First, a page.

Greg Copeland
Director, Business Development
Blog

How Secure is the Industrial Internet of Things (IIoT)?

October 24, 2019 by Greg Copeland

The average person thinks about the Internet of Things, or “IoT” in terms of day to day consumer devices such as smart TVs, connected appliances, fitness tracking wearables, and more recently, cars. A new forecast from International Data Corporation (IDC) estimates that there will be 41.6 billion connected IoT devices generating 79.4 zettabytes (ZB) of data in 2025.*

The “industrial Internet of things” that includes Industrial Control System (ICS) devices such as electrical utility transformers, water system pumps, chemical plant sensors, and pipeline pressure valves gets far less attention, and thus may represent an even greater cybersecurity risk. While attacks against consumer devices such as smart fridges might cause some inconvenience (i.e. your refrigerator quits working and some food goes bad), attacks against IIoT devices can lead to disastrous widespread effects including loss of life (anyone remember the 2015 attacks in which hackers shut down power in a region of the Ukraine?).

In the past, industrial devices were mainly controlled through cordoned-off operational technology (OT) networks. Today, more and more IIoT devices interconnect with Information Technology (IT) networks that have access to the Internet. Interconnection between OT and IT networks results in improved operational efficiencies since centralized staff can monitor and control large numbers of ICS devices remotely, but greater access opens the door to potential intrusion into previously isolated IIoT devices.

ICS and other industrial devices may be more vulnerable than consumer or enterprise IT counterparts. These devices also have much longer life cycles so many are running very old operating systems that cannot be patched with protections against current security threats. Last but not least, slow proliferation of devices over time means records of what is currently deployed may be far from complete.

The net result is that IT departments newly tasked with managing and securing OT devices are blind to what needs to be secured and whether it’s being attacked. ZD.net writes, “If IIoT products haven't received updates, or are still equipped with default passwords and login credentials, they provide attackers with an easy backdoor into networks that are already known to be lucrative targets when it comes to confidential data.”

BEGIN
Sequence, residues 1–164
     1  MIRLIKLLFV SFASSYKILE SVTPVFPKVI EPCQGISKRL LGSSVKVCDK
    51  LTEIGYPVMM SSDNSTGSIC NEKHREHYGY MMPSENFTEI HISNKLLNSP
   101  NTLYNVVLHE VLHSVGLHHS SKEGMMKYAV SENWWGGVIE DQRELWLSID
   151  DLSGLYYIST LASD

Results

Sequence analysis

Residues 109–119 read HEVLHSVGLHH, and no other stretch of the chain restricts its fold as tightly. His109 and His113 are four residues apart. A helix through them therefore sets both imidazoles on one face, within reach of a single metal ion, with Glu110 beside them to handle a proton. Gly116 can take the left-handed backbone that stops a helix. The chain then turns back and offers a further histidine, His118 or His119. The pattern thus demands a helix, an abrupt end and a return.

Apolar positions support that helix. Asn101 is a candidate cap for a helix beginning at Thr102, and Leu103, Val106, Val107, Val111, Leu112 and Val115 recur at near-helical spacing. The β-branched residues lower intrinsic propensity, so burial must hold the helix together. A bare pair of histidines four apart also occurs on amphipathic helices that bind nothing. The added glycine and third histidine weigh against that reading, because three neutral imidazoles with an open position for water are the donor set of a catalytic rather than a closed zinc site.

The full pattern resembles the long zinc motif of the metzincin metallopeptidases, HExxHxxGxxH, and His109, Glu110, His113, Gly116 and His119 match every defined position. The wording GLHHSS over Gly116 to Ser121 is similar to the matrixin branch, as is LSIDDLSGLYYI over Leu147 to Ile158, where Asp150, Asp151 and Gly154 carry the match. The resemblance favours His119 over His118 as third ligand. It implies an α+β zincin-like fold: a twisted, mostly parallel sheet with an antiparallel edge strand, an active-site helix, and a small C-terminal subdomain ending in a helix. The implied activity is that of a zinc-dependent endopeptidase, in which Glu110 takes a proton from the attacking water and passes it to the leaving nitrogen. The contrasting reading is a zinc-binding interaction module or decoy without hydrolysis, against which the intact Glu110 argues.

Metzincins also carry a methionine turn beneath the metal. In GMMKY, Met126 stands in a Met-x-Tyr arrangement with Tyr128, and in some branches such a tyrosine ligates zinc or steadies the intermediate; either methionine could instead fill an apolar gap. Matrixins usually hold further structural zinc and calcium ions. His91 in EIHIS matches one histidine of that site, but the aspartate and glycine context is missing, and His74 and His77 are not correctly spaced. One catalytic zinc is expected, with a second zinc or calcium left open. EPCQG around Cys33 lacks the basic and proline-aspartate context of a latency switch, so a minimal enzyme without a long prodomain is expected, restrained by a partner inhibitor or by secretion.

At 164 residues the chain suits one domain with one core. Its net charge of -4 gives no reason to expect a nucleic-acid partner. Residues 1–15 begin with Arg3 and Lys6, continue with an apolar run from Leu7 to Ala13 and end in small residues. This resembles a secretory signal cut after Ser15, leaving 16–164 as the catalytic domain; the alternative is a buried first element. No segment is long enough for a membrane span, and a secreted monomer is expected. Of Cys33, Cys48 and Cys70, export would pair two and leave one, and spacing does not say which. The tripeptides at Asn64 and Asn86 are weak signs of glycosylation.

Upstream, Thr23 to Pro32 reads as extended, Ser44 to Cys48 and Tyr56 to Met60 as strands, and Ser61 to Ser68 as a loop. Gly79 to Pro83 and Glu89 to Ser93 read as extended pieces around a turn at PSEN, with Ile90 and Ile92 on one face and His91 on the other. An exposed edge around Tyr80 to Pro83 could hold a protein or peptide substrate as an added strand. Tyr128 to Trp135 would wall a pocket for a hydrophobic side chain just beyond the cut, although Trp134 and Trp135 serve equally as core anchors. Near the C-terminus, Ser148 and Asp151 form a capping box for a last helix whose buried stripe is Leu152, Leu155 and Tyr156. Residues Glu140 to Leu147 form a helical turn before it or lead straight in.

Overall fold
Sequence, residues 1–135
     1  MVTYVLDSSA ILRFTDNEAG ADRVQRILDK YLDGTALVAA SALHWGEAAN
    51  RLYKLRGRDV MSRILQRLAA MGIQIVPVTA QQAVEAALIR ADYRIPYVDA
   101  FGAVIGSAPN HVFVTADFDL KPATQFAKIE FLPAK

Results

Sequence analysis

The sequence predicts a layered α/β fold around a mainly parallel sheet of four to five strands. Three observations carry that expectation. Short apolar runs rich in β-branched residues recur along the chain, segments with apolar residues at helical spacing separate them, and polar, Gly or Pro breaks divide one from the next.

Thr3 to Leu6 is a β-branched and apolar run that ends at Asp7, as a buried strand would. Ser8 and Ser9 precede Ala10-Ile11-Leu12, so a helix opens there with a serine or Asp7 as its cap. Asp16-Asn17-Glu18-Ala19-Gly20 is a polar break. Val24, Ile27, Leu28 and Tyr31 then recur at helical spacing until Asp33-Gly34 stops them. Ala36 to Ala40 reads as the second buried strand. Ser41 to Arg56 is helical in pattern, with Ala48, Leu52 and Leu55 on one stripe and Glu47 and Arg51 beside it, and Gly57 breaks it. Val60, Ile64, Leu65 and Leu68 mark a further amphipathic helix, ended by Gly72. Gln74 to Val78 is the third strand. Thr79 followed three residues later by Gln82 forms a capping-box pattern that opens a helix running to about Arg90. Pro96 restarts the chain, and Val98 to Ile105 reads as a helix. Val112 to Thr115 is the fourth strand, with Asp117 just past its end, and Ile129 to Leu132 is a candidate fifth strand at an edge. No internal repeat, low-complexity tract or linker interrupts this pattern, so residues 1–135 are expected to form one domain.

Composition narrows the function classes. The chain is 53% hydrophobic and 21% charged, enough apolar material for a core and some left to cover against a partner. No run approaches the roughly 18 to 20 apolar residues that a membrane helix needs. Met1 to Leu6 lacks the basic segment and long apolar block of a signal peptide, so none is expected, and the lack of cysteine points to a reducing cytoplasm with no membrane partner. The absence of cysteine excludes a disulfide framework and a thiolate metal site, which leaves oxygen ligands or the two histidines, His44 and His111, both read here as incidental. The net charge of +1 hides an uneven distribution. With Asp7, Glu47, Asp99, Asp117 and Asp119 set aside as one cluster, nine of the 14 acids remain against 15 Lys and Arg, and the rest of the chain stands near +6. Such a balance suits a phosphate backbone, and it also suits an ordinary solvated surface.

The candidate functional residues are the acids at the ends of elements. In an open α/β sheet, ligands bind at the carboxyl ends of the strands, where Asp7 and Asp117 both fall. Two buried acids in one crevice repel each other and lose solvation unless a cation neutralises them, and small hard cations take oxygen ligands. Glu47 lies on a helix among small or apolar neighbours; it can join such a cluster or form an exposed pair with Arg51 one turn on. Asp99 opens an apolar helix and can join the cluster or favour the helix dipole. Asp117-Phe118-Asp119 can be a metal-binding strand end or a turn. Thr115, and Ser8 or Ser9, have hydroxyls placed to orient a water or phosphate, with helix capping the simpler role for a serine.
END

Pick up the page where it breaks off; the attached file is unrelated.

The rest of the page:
IT and OT teams must work together to bridge the visibility gap as quickly as possible. For devices such as laptops and servers , IT departments typically deploy hardware and software – malware analyzers, intrusion protection/detection systems (IPS/IDS), security analytics solutions – to detect and mitigate security threats. Such security solutions are fed network packet data through network visibility solutions that send a complete copy of network, device, and application communications for analysis.

Intelligent network visibility delivers exactly the right data to each analysis tool without relying on end devices such as laptops and servers to monitor security. Network visibility collects and aggregates network data providing access to copies of all packets data across an IT enterprise such that thorough monitoring and remediation can take place using the aforementioned security tools and other solutions.

By implementing a similar security visibility architecture on the OT side of the ICS infrastructure, more effective discovery, inventory, identification, and remediation of threats against IIoT critical device infrastructure can take place. Network visibility can be used to provide a complete view into all data running on the OT infrastructure regardless of the age and status of the connected devices, even if their existence was previously unknown.

Ixia, a Keysight Business, has long been a leader in the business of network visibility, delivering network data that provides a single source of truth. By passing pre-processed data to expert IIoT cyber security analysis partners such as Zingbox, Darktrace, Forescout, and Nozomi, OT security can be brought in line with that of more mature enterprise IT capabilities.

To learn more about securing the increasingly diverse network edge, contact your Ixia representative.

 

*Source: IDC, "The Growth in Connected IoT Devices Is Expected to Generate 79.4ZB of Data in 2025, According to a New IDC Forecast," 18 June 2019.